Lady Eagles and Lady Rams look to get back on track

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BIG HORN — The first matchup between the Big Horn and Tongue River girls basketball teams served as a reminder for the Lady Eagles: no matter how large its deficit, Big Horn is always in the game. The Lady Rams trailed by six after a sluggish first half but rebounded nicely, controlling the second half to take home a 12-point win.

“That’s one of the biggest takeaways from that game is just how quickly a team can go on a run and how quickly a team can build momentum off turnovers,” Tongue River head coach Tyler Hanson said.

Hanson has emphasized all season long the need to play consistently for all four quarters. The Lady Eagles appear to have taken the lesson to heart since the Big Horn game, as they have gone 2-2 since, picking up both of their conference wins, which positions them in fourth within the Northeast conference.

Big Horn possesses the ability to come back and go on runs like it did in the second half against Tongue River, but like the Lady Eagles, the Lady Rams are still trying to put everything together for a full 32 minutes. Big Horn has seesawed between wins and losses throughout the season, currently standing at 3-3, third in the conference.

The Lady Rams won a state championship last year, ending their season with 18 consecutive wins. This year, however, they haven’t won more than two games in a row, most recently falling in a close contest at Sundance.

In order to bounce back and get a victory Friday, the Lady Rams have to clamp down and get stops.

“It always starts on the defensive end,” Big Horn head coach Michael McGuire said. “When we’re getting after it defensively and communicating and playing the style of ball we’re capable of, that usually leads to good offense for us.”

Ideally, McGuire wants his team to speed up the game.

“When we step on the floor against just about anybody, we’re going to be about as athletic,” McGuire said. “We feel like we can go eight or nine (players) deep with athletic kids that can run up and down the floor.”

Hanson agreed, saying Big Horn’s length and athleticism present problems for most opponents, especially when the Lady Rams are on defense.

“They’re able to keep you in front if you try to beat them off the dribble,” Hanson said. “They close down driving lanes pretty quick and then obviously you’ve got some pretty long arms closing out on your shooters, too.”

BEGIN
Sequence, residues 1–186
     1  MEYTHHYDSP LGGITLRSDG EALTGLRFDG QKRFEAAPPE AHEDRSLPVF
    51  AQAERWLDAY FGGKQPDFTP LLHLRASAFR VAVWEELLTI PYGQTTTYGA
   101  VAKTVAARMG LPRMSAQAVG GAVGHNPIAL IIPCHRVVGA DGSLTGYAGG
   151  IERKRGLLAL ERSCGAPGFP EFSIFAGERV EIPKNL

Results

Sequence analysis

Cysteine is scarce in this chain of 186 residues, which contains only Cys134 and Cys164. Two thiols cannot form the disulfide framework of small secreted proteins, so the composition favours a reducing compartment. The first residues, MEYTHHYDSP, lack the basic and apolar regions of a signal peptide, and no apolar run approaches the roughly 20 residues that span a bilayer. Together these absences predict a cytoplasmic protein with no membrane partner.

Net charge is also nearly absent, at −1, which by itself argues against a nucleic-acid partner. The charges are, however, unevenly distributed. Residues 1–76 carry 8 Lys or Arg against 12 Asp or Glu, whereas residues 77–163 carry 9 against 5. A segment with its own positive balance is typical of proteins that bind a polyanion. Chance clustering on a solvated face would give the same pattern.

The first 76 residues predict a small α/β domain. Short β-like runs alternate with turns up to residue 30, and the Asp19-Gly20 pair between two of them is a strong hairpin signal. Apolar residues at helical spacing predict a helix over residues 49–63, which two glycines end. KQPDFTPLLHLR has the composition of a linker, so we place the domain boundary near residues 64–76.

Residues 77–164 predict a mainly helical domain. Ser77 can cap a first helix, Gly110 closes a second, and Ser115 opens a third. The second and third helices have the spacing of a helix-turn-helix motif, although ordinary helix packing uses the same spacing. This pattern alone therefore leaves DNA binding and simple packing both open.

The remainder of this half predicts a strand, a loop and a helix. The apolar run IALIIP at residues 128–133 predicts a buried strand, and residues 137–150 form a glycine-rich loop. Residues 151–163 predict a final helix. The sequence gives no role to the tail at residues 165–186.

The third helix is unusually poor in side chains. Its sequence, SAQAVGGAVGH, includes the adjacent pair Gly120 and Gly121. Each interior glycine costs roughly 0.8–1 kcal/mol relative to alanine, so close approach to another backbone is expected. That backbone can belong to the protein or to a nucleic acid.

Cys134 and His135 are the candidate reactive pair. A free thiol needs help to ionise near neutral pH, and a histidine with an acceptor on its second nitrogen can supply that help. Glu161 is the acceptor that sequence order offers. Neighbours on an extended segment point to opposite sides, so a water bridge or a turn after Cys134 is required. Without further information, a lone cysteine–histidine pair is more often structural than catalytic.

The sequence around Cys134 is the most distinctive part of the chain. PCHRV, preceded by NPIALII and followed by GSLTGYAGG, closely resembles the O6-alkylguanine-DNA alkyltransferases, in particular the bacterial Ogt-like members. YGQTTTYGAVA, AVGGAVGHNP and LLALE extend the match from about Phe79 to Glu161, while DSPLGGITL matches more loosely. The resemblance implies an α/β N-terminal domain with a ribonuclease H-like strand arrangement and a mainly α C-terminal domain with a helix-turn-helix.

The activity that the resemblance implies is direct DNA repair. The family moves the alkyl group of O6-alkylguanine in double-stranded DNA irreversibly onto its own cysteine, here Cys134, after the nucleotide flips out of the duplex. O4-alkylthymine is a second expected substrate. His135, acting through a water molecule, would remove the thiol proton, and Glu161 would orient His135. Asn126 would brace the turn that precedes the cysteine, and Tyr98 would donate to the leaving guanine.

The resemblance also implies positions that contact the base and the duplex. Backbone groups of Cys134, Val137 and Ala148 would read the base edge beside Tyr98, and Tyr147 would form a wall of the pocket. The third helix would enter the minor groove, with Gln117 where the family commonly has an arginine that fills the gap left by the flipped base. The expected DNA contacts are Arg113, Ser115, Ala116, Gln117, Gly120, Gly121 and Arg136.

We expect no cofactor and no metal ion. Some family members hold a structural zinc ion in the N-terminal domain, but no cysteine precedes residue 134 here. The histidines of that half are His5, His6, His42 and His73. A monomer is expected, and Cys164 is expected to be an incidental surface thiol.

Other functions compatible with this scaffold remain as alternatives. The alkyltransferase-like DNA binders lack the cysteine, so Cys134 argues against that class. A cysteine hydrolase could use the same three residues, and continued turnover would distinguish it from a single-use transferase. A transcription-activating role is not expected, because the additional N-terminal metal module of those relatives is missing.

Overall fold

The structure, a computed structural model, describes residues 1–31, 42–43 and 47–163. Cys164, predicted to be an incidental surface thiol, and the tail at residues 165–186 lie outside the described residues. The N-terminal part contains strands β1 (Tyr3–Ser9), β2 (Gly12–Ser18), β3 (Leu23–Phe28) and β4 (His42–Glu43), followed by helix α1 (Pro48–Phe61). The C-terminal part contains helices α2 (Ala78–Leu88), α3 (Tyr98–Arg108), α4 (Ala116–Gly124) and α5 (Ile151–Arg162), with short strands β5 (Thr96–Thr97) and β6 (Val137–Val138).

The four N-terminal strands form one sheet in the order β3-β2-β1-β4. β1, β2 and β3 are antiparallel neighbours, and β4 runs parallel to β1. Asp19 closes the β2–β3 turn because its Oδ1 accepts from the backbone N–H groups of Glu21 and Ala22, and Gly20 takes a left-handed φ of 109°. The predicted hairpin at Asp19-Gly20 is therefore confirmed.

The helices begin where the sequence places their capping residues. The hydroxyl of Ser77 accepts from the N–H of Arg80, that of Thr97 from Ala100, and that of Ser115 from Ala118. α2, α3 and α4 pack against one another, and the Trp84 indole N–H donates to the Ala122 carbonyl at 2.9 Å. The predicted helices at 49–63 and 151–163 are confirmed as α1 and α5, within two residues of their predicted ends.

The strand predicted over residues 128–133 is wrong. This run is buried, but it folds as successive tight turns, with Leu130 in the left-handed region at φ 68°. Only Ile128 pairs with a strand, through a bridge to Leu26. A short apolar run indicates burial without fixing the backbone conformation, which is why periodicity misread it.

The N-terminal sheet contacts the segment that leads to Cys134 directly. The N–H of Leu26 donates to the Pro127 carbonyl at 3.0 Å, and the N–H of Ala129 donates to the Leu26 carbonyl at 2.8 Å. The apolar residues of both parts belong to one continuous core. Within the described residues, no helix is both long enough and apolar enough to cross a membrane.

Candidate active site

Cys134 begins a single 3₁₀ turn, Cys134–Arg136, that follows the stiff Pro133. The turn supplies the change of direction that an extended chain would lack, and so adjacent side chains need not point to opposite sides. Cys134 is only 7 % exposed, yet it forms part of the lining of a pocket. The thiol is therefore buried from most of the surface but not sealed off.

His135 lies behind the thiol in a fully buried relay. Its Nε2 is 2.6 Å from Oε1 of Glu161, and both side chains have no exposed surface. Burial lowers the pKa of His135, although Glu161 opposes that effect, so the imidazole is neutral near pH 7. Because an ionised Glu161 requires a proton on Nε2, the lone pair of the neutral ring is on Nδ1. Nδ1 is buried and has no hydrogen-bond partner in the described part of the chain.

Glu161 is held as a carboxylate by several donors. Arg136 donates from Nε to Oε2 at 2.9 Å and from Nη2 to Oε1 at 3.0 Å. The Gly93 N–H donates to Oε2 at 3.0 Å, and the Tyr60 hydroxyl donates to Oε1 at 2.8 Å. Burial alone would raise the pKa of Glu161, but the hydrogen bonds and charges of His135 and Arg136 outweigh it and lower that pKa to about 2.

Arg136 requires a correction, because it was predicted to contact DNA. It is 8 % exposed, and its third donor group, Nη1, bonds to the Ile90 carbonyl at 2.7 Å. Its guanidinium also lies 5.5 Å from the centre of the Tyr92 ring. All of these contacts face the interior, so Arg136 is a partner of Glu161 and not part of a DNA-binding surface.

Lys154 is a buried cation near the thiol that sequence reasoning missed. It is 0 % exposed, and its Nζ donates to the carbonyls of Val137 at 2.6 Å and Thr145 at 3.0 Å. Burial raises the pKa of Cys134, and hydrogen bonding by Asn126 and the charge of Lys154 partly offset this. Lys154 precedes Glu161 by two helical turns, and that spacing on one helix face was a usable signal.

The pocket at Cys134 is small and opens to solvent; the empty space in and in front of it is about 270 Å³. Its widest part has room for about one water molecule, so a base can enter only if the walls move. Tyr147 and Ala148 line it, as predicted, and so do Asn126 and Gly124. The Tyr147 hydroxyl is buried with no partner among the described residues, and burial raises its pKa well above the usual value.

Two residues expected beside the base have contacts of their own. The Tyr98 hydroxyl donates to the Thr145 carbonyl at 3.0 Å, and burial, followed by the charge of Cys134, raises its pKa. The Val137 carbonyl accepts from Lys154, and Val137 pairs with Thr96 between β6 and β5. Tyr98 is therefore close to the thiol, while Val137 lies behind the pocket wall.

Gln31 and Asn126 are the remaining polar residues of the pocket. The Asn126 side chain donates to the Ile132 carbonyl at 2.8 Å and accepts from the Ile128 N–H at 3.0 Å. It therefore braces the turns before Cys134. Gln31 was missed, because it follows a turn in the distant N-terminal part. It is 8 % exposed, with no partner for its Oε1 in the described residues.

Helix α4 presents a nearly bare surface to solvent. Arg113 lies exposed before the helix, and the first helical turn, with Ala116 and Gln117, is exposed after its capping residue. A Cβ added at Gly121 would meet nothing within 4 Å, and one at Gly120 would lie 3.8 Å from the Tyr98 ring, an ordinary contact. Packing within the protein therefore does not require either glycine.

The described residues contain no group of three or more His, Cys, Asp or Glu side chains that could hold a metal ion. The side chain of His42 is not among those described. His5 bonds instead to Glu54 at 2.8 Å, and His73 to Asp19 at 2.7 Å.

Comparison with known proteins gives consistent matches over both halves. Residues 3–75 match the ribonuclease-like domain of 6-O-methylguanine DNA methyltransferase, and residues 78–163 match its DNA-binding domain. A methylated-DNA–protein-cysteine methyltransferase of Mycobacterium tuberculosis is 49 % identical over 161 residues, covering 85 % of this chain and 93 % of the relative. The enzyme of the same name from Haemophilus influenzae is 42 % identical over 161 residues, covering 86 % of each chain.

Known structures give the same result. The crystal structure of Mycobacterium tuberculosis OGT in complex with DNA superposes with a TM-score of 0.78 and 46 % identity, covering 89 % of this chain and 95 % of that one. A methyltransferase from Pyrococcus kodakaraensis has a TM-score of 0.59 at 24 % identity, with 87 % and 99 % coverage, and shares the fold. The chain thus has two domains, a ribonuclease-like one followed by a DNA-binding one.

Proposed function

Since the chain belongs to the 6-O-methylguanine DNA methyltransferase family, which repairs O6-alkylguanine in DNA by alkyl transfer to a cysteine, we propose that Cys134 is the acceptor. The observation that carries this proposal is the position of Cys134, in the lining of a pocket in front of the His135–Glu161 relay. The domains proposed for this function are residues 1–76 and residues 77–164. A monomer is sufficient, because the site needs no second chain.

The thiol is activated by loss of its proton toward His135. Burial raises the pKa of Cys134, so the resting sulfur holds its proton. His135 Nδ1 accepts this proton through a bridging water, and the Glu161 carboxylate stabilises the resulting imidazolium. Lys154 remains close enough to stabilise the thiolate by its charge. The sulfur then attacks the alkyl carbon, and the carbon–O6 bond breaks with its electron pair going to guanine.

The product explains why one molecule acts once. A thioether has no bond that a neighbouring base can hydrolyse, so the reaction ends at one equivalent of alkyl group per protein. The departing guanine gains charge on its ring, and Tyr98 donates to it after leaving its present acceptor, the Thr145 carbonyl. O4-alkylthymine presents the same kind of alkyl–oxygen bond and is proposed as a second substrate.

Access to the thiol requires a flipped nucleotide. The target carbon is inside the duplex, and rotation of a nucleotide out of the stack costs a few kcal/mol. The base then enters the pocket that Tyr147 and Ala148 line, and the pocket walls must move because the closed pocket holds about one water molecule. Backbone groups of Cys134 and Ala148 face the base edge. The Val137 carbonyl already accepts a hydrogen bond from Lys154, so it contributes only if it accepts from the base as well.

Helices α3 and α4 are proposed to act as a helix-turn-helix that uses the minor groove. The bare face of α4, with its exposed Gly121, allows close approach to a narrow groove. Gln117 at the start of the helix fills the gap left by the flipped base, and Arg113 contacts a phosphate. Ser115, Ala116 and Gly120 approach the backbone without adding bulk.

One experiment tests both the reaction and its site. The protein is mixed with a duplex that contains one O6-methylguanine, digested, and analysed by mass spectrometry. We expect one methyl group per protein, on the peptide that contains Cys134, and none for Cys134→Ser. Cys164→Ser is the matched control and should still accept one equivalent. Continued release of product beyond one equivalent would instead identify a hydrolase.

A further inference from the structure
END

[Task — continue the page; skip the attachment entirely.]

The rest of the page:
While the Lady Rams have depth, they lack top-notch scoring, which perhaps partly explains their late-game struggles this season. Last season, Big Horn had All-State performers Abby Buckingham and Emily Blaney to carry the team. Without any go-to scorer, the Lady Rams have played more of an egalitarian style this year, with no one averaging more than 10 points per game.

“We have a lot of girls that are capable,” McGuire said. “If we can get everybody to play consistently all the time, we have a chance to be a real good team, but we’re kind of up and down right now.”

That Big Horn inconsistency and lack of a standout offensive threat will allow Tongue River to play its effective 3-2 zone defense, which Hanson implemented partway through the season, and it’s causing offensive problems for the Lady Eagles’ opponents. In a season full of tough losses and offensive struggles, Tongue River can hang its hat on halfcourt defensive execution.

McGuire said the Lady Eagles’ unique defensive scheme is difficult to simulate in practice because of its unfamiliarity, so Big Horn will watch a little more film than usual, searching for potential spots of weakness.

A Big Horn win could put some separation between the Lady Rams and the bottom three teams in the conference. A Tongue River win would be the Lady Eagles’ signature victory of the season so far, tie them with Big Horn in the conference standings and all but guarantee a playoff berth.

Big Horn has a better record and home court advantage, but Tongue River’s defense could prove fruitful, as long as the Lady Eagles remember not to rest on a lead.

The game starts at 5:30 p.m. Friday in Big Horn.

By |Feb. 7, 2018|

About the Author:

Ryan Patterson joined The Sheridan Press staff as a reporter covering education, business and sports in August 2017. He's a native of Wisconsin and graduated from Marquette University with a bachelor's in journalism in May 2017. Email him at: ryan.patterson@thesheridanpress.com.

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